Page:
Pick the dinghy and motor is good thinking. Motor size depends not only the particular dinghy but also area and type of usage. Have had to tow small enigined dingies when there are wind/waves running against them. Fun being a Good Samaritan but tough on those in under engined dinghy. May need max rated hp if using for stores or transporting multiple people or will be on plane for long runs.

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Re: How big is your RIB?

Thanks, SanderO. I can see how a CAD drawing of your deck can come in handy for multiple projects.
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Re: How big is your RIB?

Quote:
Originally Posted by jhaley66 View Post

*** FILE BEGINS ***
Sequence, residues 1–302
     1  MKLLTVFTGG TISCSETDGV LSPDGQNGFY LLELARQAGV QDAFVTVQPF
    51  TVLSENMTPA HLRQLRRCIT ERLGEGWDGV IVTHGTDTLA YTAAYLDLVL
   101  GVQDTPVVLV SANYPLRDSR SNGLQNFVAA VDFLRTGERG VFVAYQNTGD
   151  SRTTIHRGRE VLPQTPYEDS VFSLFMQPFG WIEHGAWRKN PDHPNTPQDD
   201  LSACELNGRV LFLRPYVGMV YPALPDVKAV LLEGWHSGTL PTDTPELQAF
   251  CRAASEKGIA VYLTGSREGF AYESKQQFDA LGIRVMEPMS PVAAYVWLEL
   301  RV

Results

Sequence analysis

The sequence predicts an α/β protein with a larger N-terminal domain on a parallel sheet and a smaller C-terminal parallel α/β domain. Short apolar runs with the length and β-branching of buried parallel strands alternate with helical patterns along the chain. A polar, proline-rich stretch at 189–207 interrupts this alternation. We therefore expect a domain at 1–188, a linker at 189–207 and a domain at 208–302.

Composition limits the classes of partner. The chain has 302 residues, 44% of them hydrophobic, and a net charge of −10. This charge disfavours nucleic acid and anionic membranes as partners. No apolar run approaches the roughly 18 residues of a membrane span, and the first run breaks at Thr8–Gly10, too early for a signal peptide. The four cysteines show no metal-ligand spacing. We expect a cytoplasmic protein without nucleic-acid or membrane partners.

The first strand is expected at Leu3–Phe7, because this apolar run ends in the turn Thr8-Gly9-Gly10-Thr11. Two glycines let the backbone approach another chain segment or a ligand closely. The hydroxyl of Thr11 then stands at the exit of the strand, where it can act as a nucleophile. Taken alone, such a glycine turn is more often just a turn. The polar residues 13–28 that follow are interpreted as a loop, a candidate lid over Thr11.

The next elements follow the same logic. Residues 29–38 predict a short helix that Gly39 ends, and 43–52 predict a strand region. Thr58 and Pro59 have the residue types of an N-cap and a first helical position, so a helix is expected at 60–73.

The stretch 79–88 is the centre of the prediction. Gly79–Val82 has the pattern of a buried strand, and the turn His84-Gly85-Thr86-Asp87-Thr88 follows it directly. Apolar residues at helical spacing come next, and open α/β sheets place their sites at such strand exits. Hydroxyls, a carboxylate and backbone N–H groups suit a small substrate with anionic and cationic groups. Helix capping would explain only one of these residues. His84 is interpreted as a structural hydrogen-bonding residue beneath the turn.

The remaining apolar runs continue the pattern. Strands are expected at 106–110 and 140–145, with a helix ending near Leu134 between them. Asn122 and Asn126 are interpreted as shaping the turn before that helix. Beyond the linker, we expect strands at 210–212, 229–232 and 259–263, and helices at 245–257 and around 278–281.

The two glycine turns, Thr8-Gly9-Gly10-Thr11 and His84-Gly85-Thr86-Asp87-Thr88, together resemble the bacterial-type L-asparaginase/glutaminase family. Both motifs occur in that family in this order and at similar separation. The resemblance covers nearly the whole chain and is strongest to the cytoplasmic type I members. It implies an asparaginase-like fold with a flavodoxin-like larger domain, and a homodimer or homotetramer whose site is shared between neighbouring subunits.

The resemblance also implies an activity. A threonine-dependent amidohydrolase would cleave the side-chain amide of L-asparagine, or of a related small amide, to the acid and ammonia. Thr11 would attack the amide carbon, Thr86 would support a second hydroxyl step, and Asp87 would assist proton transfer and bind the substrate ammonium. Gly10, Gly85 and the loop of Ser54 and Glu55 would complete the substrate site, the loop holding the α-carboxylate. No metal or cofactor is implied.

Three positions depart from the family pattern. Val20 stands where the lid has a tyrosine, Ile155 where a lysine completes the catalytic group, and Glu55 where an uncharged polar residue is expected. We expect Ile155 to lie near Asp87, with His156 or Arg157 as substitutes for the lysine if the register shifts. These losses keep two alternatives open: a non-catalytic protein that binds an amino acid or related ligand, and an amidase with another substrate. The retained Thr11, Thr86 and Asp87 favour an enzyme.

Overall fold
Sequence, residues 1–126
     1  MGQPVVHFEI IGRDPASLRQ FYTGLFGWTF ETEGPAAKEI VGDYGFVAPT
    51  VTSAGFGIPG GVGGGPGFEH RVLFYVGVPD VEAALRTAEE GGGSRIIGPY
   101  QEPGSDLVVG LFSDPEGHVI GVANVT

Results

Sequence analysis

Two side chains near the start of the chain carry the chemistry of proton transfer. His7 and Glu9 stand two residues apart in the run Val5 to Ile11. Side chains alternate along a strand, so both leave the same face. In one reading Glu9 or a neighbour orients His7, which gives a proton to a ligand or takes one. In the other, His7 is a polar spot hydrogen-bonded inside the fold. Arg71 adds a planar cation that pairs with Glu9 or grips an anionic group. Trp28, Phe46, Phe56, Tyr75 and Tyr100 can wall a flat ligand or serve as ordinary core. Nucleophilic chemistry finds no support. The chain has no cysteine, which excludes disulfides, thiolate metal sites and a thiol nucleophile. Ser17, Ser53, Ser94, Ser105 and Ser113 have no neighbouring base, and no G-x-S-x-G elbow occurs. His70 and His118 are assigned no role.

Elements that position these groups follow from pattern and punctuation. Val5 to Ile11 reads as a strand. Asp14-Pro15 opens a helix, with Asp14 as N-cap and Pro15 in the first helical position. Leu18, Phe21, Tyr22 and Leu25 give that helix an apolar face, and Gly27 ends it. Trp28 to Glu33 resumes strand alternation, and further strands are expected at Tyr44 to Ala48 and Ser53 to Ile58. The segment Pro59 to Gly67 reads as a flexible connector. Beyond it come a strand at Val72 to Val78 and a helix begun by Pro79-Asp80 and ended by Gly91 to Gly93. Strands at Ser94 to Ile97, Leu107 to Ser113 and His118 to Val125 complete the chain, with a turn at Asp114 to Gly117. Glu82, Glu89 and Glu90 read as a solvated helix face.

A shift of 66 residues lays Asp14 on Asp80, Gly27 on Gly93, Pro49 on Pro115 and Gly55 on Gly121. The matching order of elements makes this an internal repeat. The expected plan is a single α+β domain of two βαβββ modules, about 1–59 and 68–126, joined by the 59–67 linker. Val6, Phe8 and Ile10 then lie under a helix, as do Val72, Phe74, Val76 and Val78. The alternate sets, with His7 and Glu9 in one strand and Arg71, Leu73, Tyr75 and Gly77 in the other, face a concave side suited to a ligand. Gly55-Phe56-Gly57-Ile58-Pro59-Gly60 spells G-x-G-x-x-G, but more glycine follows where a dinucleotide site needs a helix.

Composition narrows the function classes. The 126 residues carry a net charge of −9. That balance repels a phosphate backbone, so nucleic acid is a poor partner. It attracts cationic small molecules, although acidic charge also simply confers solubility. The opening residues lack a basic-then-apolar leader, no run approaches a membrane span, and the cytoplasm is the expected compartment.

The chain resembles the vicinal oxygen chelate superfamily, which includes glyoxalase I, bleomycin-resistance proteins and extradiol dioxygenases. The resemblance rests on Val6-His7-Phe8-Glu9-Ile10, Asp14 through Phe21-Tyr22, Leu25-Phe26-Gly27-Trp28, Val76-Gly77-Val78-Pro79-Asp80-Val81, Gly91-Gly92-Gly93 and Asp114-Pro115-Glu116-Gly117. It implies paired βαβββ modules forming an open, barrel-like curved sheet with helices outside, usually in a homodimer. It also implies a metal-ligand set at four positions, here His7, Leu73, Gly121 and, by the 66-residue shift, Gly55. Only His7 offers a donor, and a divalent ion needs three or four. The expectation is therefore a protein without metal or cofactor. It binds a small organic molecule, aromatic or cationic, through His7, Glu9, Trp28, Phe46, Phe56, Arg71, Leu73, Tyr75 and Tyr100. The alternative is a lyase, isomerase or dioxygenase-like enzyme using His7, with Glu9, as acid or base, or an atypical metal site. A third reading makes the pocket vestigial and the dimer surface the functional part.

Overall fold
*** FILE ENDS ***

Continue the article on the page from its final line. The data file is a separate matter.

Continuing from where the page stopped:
Thanks, SanderO. I can see how a CAD drawing of your deck can come in handy for multiple projects.
I discovered I can store my 10' RIB upside down on the deck in winter. And it's not a bad idea as I can keep the hatches cracked a bit for ventilation. However getting to the bow cleats is well nigh impossible. This winter I stored the dink on the dock near the boat.

Were I to go offshore I would not take this RIB as much as I love it. Won't tow and can't stow... might be a bit smaller deflated and maybe I could get forward... but I doubt it and could rig the storm jib so it's a no go on the fore deck. I would buy a dink down in the islands or have one shipped from the states.

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post #10 of 21 Old 01-29-2019
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Re: How big is your RIB?